Davis, who taught King at Crozer, wishes him a quick recovery. King replied on 8 November.1
You have been much in the thoughts and prayers of the Davises these latter days, but only yesterday did I find your temporary address in Brooklyn. Hence the tardiness of this note, despite the fact that we have frequently turned toward you in the spirit. Our concern for you has been deep and we rejoice now in the news of your steady recovery.
You will be interested to know how greatly both Paul and John admire you, both for yourself and the work you are doing.2 They have much to learn from you and will probably need some of your wisdom as both are idealists resolved to walk the way to a better, saner, and safer world. Both are registered with the draft as C.Os. of their own decision. I think they are each committed persons as are you.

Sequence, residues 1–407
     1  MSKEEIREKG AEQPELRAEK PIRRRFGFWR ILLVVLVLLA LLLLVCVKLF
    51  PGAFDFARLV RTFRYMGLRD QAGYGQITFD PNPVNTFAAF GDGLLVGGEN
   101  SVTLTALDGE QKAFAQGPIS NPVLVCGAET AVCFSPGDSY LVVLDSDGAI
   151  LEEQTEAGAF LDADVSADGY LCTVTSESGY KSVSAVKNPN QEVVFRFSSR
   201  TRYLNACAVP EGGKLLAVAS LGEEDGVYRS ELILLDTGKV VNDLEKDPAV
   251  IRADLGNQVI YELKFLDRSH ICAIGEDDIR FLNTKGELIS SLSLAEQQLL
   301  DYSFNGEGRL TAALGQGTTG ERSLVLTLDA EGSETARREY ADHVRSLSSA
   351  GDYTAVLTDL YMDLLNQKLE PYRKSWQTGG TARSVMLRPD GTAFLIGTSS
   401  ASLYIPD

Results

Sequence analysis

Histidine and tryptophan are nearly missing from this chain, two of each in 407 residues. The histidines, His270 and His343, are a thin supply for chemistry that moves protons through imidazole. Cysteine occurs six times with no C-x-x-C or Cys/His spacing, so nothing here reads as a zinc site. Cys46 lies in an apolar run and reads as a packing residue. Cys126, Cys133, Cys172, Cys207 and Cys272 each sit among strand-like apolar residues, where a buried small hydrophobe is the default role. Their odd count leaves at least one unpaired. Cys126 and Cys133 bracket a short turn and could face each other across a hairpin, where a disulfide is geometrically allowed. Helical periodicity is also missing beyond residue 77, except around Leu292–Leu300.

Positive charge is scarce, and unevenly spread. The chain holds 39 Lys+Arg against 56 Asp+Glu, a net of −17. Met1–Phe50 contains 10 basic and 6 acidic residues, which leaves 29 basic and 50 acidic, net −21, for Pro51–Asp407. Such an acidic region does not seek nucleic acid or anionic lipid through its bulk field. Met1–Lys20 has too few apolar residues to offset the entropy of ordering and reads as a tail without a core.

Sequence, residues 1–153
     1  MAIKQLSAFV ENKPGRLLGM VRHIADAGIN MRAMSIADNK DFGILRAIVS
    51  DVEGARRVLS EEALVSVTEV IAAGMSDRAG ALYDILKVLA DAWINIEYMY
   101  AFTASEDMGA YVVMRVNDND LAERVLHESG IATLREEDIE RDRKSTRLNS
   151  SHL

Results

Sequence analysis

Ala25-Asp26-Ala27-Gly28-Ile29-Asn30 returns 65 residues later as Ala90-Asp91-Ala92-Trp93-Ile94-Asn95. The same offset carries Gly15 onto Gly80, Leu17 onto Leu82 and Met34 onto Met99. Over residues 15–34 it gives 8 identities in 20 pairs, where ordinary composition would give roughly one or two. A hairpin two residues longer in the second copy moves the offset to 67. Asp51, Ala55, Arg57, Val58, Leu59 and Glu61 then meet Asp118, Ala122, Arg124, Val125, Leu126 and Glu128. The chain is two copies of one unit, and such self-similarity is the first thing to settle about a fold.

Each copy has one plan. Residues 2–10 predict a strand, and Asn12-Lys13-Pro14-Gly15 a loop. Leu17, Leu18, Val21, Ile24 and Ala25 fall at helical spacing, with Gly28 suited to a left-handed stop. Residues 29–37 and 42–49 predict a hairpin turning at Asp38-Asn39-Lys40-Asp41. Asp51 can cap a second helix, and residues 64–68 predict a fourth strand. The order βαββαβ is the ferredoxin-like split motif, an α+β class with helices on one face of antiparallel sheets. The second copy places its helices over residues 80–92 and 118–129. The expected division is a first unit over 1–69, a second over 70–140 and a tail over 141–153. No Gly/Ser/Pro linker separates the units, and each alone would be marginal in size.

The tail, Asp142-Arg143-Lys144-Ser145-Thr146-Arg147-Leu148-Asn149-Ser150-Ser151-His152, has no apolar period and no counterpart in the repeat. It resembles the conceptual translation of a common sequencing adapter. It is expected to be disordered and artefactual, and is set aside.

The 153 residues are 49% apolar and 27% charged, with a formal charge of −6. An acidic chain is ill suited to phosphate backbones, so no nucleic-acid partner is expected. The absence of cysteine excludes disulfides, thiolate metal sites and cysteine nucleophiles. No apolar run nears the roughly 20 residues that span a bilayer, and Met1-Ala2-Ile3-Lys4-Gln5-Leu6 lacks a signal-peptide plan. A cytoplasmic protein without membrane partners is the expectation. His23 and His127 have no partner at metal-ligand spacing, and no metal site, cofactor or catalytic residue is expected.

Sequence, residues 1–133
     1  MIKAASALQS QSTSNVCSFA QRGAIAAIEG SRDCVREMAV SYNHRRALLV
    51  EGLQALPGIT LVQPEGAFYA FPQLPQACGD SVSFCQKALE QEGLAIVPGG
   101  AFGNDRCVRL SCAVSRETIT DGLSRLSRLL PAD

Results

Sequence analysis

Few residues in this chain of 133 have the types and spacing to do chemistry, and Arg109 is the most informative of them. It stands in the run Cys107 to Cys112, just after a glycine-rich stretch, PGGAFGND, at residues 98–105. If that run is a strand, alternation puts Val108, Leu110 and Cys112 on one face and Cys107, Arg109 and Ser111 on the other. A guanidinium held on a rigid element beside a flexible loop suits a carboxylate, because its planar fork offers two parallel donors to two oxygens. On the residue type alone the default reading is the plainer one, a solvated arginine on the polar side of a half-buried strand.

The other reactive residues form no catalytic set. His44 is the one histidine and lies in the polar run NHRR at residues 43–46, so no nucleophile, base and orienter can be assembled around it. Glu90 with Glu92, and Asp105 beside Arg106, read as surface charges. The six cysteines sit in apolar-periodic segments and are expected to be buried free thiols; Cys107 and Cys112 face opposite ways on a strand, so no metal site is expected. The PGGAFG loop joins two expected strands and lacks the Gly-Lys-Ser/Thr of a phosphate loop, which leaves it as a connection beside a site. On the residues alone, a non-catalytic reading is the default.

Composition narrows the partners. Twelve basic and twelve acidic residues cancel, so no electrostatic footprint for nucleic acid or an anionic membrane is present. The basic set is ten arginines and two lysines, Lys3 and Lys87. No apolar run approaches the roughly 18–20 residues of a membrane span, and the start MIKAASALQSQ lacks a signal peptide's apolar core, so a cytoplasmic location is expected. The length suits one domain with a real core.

Mrs. [Mildred] Davis and I did want you to know that our moral and spiritual support stands back of you. Do get well soon. Drop in and see us any time.
[signed] George W. Davis
2. Davis refers to his sons.
MLKP, MBU, Martin Luther King, Jr., Papers, 1954-1968, Howard Gotlieb Archival Research Center, Boston University, Boston, Mass.